Successful savings programmes are not just about cutting costs - NHS trusts must ensure they transform services too24th January 2012
The Audit Commission and Monitor, the independent regulator of NHS Foundation Trusts, are challenging trusts to review their approaches to delivering cost-saving plans. As well as saving money they must also transform clinical and non-clinical services in ways that improve patient care, satisfaction and safety in the long term.
To help with this the two organisations have published today the Delivering sustainable cost improvement programmes guide. It is aimed at all NHS trusts and foundation trusts, and shows how successful organisations approach the delivery of cost improvement programmes (CIPs).
The NHS needs to save up to £20 billion by 2015 - an average of 5 per cent each year and the biggest efficiency challenge the NHS has faced. While NHS funds are not being reduced, money needs to be found to meet cost pressures such as increasing demand for services and new technologies. Trusts were more ambitious with their saving plans last year and overall delivered more savings, but the rate of cost-cutting achieved as a percentage of the plan fell compared to 2009/10.
Andy McKeon, MD for Health at the Audit Commission, says: ‘Health organisations are used to making efficiency savings, but the increase in NHS funds over the last decade reduced the pressure. Now trusts are facing a real-terms freeze on resources, alongside continuing demands for better services, new technologies and improved quality.
‘CIPs are not just about money, but about achieving sustainable high quality service delivery. Our research shows that success varies greatly from trust to trust, and no single approach works for all. We have found common factors in the higher performing trusts which have enabled them so far to deliver savings without reducing quality or patient safety. This isn’t easy and there are difficult choices ahead, but it is critical everybody adopts the proven techniques described here. Our guide is also designed to help trusts test how well they measure up.’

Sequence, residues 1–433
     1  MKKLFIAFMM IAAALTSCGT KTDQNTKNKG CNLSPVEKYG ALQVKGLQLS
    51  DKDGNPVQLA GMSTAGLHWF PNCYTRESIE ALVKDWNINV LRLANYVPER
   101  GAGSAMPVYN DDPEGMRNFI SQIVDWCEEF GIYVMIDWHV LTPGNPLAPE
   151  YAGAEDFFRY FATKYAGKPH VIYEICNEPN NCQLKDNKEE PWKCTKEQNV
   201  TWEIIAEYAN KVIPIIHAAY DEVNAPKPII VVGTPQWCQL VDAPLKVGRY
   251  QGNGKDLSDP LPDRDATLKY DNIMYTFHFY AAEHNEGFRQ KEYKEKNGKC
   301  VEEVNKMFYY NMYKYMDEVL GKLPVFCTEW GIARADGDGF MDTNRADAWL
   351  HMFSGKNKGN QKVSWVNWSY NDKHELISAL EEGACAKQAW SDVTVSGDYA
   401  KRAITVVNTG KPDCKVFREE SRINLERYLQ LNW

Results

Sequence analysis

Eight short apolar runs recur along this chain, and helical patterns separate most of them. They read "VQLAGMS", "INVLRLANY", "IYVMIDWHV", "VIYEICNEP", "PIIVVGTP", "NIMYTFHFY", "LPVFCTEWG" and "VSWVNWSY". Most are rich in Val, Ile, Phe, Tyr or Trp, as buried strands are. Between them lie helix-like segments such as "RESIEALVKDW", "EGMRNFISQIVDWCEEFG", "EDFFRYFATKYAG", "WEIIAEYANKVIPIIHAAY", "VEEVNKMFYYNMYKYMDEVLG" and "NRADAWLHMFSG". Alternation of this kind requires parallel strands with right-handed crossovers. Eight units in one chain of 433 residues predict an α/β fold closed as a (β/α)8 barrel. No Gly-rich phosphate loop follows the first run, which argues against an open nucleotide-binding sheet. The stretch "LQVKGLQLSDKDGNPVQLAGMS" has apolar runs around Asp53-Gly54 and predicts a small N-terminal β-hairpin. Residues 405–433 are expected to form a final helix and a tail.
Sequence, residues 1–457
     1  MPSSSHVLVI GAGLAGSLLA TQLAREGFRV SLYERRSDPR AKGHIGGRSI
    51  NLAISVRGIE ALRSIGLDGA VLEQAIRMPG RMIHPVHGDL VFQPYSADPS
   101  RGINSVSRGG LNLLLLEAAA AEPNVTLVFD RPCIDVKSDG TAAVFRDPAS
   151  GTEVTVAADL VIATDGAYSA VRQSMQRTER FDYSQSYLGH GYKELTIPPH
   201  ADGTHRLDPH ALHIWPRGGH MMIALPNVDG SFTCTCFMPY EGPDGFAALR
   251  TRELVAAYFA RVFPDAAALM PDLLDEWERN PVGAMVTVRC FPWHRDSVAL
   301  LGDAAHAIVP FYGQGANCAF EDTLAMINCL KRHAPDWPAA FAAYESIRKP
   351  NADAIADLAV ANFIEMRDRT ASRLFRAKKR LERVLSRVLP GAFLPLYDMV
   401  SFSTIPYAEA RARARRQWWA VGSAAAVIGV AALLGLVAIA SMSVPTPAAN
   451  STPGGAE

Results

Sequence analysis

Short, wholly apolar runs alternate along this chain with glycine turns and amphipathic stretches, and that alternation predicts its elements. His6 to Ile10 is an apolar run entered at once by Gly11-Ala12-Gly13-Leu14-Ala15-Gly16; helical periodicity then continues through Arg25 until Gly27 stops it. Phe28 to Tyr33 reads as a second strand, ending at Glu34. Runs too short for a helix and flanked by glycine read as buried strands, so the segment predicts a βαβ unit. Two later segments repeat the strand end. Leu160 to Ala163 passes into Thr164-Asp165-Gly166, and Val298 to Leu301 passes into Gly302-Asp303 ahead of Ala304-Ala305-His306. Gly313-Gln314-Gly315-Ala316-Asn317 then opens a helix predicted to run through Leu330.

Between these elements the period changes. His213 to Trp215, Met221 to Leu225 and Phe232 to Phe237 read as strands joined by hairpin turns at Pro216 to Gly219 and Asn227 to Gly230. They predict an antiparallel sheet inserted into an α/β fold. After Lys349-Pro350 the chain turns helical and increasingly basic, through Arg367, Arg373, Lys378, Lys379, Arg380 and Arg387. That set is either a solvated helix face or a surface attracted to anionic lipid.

The Commission and Monitor warn against taking short-term reactive decisions, particularly if they may compromise services and safety. Cost cutting by freezing recruitment and cutting agency staff has already been done by most. Now a more strategic approach is needed. This is not just a finance issue, but a matter for the whole organisation. Strong clinical leadership and engagement is vital, as are the people delivering CIPs on the ground.
Chair of Monitor, David Bennett, says: ‘The aim for the NHS is to save money by reducing inefficiency and to invest the savings in improving services for patients. This won’t happen without strong leadership. It’s the board’s responsibility to ensure the organisation is committed to achieving efficiency improvements by changing the way services are delivered and improving processes, rather than by implementing cost cutting measures that have a negative impact on the quality of care patients receive. To really succeed though, boards must put clinical staff at the heart of the process.
‘Delivering cost savings is likely to remain one of the key challenges facing foundation trusts – and the rest of the NHS – for the foreseeable future. The financial challenges facing the economy as a whole means that all trusts need to make sure that they are making every pound go as far as possible so that patients receive the quality care they deserve.’
Aimed at executive and non-executive directors, finance staff and those with responsibility for delivering cost improvement programmes, the guide was compiled with the help of sixteen NHS organisations.
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Title: Successful savings programmes are not just about cutting costs - NHS trusts must ensure they transform services too
Author: Martine Hamilton
Article Id: 20859
Date Added: 24th Jan 2012